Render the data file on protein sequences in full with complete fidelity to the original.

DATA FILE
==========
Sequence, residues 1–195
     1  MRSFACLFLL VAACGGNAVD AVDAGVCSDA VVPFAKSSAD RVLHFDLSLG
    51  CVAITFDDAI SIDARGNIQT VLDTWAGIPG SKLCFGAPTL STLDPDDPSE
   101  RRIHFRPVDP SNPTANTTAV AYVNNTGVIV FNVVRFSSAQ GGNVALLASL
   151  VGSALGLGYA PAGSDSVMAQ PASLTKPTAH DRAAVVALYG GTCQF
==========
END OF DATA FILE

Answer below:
Sequence, residues 1–195
     1  MRSFACLFLL VAACGGNAVD AVDAGVCSDA VVPFAKSSAD RVLHFDLSLG
    51  CVAITFDDAI SIDARGNIQT VLDTWAGIPG SKLCFGAPTL STLDPDDPSE
   101  RRIHFRPVDP SNPTANTTAV AYVNNTGVIV FNVVRFSSAQ GGNVALLASL
   151  VGSALGLGYA PAGSDSVMAQ PASLTKPTAH DRAAVVALYG GTCQF